This article originally appears on our partner site, Couturing.
What I like about photographs is that they capture a moment that’s gone forever, impossible to reproduce.’ – Karl Lagerfeld
While you can teach someone the technical skills for using a camera, there’s something intangible you can’t teach. It’s that ability to see and capture the beauty in a moment that someone else can’t see. Canon’s ‘Shine A Light‘ series aims to focus on emerging photographers who are the future of photography in Australia and overseas. These talented artists are making their mark on what is a notoriously competitive industry.
Couturing are excited to be involved with this initiative, shining a light on Sydney based photographer Caitlin Withers. We caught up with Caitlin to find out about her photography work, her upcoming exhibition and why she chooses to use a Canon.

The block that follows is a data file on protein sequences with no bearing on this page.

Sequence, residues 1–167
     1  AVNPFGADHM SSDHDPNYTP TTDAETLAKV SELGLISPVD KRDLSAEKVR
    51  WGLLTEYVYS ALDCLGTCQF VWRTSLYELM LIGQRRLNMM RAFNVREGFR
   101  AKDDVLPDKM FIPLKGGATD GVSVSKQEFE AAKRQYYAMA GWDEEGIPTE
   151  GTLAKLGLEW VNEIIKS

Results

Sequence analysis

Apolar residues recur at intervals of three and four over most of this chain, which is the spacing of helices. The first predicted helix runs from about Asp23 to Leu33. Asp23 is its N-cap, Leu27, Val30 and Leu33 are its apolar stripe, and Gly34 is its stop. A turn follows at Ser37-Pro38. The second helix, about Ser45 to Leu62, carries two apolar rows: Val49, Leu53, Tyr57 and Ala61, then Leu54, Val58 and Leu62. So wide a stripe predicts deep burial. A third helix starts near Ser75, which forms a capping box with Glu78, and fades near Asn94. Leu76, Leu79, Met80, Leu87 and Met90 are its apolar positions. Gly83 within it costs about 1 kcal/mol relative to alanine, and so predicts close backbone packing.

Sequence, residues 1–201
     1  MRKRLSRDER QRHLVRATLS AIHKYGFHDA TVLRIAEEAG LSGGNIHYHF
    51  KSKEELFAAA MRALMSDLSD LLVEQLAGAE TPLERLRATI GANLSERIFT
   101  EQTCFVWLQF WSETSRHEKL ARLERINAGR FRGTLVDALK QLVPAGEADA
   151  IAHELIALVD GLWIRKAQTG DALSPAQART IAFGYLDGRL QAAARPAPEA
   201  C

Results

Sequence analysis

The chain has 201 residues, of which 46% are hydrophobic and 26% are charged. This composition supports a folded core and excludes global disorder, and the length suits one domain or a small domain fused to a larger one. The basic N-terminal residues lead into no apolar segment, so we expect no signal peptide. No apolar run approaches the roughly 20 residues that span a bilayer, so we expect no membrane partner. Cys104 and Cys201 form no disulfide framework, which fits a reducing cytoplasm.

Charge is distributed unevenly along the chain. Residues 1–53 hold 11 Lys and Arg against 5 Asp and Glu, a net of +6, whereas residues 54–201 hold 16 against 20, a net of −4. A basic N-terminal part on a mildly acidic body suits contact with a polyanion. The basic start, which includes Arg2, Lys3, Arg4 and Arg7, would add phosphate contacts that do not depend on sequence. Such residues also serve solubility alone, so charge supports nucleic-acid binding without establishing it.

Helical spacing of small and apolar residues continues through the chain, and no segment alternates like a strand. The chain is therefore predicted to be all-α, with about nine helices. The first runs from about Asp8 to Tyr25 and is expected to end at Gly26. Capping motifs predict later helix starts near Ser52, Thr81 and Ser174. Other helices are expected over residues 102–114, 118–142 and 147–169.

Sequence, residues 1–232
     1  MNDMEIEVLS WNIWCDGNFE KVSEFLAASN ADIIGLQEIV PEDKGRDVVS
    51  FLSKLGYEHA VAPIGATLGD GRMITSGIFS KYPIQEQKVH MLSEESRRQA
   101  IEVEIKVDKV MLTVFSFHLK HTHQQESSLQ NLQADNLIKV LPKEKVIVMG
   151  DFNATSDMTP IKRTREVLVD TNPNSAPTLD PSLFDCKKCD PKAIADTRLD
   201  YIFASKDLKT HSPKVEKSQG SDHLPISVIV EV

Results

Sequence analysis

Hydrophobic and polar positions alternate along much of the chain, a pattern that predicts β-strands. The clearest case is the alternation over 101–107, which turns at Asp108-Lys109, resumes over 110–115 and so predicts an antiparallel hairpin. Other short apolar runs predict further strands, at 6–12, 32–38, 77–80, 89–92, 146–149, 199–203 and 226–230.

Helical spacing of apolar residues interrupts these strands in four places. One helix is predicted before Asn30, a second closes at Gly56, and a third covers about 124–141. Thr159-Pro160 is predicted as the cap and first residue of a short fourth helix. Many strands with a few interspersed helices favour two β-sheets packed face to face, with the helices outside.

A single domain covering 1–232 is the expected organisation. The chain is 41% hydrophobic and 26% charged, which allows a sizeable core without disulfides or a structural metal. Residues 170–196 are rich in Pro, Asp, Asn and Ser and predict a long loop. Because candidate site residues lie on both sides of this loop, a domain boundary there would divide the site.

What inspires your photography?
I get inspired by my surroundings, whether it be a person I meet or a unique area. It sounds a bit funny but I am also really drawn to photographing things that have interesting textures like old paint peeling off walls or some really rough and dusty stretch of road. I find that the textures of a place set the mood of an area and make me want to go exploring.
Are there any messages behind your photos?
My images are not driven by any specific hidden messages, most of the time they are simply concerned with looking at environments from an outsiders perspective.
What is your photography trademark (i.e. what is unique to you in your photography)?
Although I have been taking photos for a while now, I have only recently started to develop my own aesthetic or style. The way I shoot is quite spontaneous and off the cuff as opposed to being set up. I like to photograph things exactly how they are in the moment and try not to change or influence anything that is going on, otherwise I will lose whatever it was that attracted me to that situation in the first place.
Why is photography important to you?